Amazingly enough, Judge Taranto, who penned Investpic and was part of the Berkheimer panel, never asserted that the claims in Berkheimer were mental steps in either of the Berkheimer and Berkheimer en banc decisions despite abundant opportunity to do so. Given that the Berkheimer en banc decision was issued about two weeks after the Investpic decision, the divergent outcomes are difficult to resolve. Regardless, because Investpic cannot be resolved with 35 U.S.C. § 112(f), Alice Corp., Bilski, Berkheimer, and reality, the Investpic holding cannot be controlling law.
If the evidence-based holding of Berkheimer is applied, the patent holder wins. If the evidence-based holding of Bilski is applied, the patent holder wins. If the evidence-based holding of Alice Corp. is applied, the patent holder wins. If the evidence-based holding of Mayo. is applied, the patent holder wins. Given that Investpic cannot overrule Alice Corp., Bilski, and Mayo, the only possible way Investpic can possibly apply to the patent holder while Berkheimer, McRO, and Enfish survive is some twisted application of collateral estoppel personal to the patent holder. Admittedly, this application of Investpic analogy to collateral estoppel isn’t perfect, but its far closer to reality than asserting Investpic represents controlling legal precedent.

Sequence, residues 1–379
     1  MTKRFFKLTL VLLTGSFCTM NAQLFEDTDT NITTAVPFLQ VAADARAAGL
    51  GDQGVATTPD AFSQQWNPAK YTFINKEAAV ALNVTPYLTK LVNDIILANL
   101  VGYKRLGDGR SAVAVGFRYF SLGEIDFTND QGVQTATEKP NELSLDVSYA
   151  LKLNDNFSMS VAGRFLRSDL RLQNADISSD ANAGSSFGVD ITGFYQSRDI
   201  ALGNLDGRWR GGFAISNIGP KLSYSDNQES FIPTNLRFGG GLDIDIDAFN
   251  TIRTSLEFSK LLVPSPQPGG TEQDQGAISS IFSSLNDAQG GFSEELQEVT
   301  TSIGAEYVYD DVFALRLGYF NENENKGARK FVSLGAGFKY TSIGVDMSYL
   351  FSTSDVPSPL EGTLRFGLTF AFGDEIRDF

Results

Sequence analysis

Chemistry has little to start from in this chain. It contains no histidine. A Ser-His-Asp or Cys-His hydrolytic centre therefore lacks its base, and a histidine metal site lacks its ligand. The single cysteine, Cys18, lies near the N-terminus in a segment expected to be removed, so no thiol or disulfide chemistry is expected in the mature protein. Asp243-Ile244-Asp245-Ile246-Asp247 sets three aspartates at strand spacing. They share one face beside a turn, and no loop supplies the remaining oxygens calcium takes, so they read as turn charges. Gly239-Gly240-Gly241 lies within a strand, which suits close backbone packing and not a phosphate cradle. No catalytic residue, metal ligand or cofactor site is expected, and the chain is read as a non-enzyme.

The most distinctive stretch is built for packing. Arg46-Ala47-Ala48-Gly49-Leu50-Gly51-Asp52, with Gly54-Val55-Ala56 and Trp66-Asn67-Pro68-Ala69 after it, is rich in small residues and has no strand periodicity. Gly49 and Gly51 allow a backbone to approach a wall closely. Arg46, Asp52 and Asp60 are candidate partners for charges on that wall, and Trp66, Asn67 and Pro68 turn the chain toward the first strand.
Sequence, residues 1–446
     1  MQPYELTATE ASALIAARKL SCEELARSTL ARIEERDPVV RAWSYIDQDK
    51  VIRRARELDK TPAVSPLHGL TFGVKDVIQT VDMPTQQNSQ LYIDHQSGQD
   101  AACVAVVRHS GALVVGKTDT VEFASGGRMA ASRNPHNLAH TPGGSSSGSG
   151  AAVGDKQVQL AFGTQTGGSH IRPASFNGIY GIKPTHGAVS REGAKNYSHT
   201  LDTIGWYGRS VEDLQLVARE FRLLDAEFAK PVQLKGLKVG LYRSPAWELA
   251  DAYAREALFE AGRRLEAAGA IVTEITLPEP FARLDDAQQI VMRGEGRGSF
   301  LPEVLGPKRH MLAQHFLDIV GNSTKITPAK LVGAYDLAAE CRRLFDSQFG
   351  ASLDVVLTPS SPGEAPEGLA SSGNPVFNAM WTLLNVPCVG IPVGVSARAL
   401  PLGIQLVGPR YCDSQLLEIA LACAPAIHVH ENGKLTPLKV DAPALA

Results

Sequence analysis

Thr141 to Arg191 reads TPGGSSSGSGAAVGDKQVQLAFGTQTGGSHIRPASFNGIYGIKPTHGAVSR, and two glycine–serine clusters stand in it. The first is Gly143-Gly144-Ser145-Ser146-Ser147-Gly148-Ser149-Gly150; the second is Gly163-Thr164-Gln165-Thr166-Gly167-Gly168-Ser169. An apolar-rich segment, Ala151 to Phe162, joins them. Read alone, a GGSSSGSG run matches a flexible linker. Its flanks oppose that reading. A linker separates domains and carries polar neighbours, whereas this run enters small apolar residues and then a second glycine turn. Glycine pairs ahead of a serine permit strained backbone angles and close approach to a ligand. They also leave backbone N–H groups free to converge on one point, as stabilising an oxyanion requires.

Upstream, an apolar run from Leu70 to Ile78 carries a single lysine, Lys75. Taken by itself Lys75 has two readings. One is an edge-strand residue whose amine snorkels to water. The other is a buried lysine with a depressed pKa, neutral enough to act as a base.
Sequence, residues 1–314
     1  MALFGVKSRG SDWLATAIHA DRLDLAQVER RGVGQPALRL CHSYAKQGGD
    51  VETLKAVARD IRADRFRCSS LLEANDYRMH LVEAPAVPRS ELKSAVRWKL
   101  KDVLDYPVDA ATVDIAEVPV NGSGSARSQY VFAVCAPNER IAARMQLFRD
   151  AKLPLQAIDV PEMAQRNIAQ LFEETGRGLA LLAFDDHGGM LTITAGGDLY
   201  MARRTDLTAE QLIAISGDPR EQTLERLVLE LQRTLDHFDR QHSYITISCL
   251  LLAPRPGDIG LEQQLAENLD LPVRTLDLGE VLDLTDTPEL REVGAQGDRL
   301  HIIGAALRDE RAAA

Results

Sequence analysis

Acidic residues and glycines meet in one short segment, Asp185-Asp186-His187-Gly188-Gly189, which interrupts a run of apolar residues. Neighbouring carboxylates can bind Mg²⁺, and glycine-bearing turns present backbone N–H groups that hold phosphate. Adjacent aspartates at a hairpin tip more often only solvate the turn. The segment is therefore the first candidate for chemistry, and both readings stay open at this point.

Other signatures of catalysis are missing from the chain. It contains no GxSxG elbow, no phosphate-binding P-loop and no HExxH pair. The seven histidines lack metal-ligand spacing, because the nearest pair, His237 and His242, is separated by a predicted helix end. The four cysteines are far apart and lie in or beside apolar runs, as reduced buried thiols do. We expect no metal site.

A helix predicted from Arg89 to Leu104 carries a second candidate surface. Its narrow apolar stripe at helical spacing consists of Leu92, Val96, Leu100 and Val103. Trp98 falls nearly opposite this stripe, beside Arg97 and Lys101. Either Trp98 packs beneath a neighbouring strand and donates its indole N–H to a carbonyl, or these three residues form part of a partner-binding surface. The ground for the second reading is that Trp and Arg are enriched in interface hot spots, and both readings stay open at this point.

Pray for Vegas Odds
Every patent applicant / patent holder accused of having claims that look too much like Investpic, Recognicorp, and Electric Power Group, and not enough like Berkheimer, McRO, and DDR Holdings knows the peril. Salvation, if any, lies in the Federal Circuit panel selected for review. Yet now consider the plight of a patent applicant who stands accused of violating Alice-Mayo despite a mountain of evidence favoring said patent applicant because Investpic – a case that said patent applicant had no opportunity to influence and that cannot be reconciled with the statutory patent law, Supreme Court precedent, and a dozen other Federal Circuit decisions issued before and after. Better to blow your hard-earned money in lottery tickets and at the Vegas casinos than invest in an Alice-Mayo appeal and hope the decision goes your way.